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The man who invented modern golf 
World Golf Hall of Fame inductee Mark McCormack reshaped all of sports

October 29, 2006

ST. AUGUSTINE, Fla. — Neshannock High School is located north of New Castle , which in the late 1960s was a dying but not-yet-dead mill town, one of many once-booming steelmaking communities that clung to the river valleys of Western Pennsylvania and clogged the blue skies with acrid smoke from the blast furnaces and smelters that muted the mid-day sun. It was a place where people worked hard.
When it came time for the annual school photos at Neshannock, scrubbed young faces put on their Sunday best and sat for pictures taken by Chuck Tanner, a major league baseball player who later went on to manage the “We Are Fam-a-lee” Pittsburgh Pirates to the World Series championship in 1979. But in the late 1960s, Tanner, like many professional athletes, needed an off-season job. He pulled out his camera and said, “Smile for the birdie.”
Free agency had yet to come to the team sports, and athletes were just beginning to cash in on endorsement deals. Paychecks were a few zeroes short of what today’s players take home. Can you imagine Alex Rodriguez working an off-season job to make ends meet? Just as the days of when steel was king in Western Pennsylvania have disappeared like a puff of smoke, gone, too, are the days when professional athletes could make only about the same annual salary as a steelworker who had a good year of overtime.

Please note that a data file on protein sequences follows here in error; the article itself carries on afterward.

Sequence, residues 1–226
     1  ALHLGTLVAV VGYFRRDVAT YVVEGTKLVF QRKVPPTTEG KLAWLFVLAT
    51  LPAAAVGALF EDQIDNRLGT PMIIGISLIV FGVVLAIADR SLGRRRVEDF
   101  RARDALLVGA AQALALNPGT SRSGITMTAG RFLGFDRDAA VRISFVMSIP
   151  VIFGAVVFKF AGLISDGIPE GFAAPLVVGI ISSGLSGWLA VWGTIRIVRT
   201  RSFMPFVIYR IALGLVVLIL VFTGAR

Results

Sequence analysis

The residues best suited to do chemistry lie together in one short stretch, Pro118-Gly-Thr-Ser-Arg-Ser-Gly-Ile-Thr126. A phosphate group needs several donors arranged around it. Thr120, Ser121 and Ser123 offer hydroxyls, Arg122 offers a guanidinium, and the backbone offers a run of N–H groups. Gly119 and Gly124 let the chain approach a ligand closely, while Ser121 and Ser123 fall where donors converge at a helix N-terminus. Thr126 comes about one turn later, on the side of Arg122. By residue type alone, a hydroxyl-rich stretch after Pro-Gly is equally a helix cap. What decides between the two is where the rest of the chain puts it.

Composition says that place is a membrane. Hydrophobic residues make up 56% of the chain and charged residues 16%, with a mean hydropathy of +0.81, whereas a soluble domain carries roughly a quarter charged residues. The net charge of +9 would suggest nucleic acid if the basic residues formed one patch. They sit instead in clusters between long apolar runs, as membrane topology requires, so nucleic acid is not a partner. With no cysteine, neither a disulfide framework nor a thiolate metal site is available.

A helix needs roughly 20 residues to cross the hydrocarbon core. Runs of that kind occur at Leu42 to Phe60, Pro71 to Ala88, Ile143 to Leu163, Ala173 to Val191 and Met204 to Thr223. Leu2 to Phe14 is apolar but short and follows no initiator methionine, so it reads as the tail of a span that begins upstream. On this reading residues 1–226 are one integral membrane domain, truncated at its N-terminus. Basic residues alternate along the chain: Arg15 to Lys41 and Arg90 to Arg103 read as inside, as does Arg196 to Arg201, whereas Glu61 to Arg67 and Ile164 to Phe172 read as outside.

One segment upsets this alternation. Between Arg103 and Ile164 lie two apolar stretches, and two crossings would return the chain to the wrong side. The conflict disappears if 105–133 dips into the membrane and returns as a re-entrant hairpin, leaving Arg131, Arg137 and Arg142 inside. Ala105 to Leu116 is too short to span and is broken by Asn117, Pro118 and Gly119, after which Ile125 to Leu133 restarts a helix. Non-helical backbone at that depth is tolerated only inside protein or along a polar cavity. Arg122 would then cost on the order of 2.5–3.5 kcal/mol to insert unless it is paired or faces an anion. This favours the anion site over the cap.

Two people are most responsible for the shift on the economic landscape of athletes. One was Marvin Miller, the former negotiator for the United Steelworkers union who, as executive director of the Major League Baseball Players Association, helped overturn the reserve clause and ushered in free agency. The Seitz decision in 1975 released Andy Messersmith and Dave McNally from their teams, with whom they no longer had contracts but were still bound. As a result, salaries exploded.
The guy with whom Miller shares the billing as the most important person in the economic history of sports isMark McCormack, the founder of International Management Group, the Cleveland-based agency less than 100 miles from New Castle that literally invented modern sports management. McCormack started IMG with a handshake deal with Arnold Palmer, a Western Pennsylvania native, in 1960 and added a guy named Tiger Woods in 1996. In between IMG had Jack NicklausGary PlayerGreg NormanNick FaldoNick Price andCurtis Strange — all at one time the best player in the world.
On Oct. 30, McCormack enters the World Golf Hall of Fame, and it would not be an exaggeration to say he should have a room of his own. Like it or not, virtually everything about modern sports owes a debt of gratitude to McCormack. He is either responsible or to blame — depending on how you look at things — for the state of sports today. McCormack realized the marketing potential of TV before anyone else, and he grasped the fact that the world was shrinking before anyone else. McCormack understood globalization before the word even existed.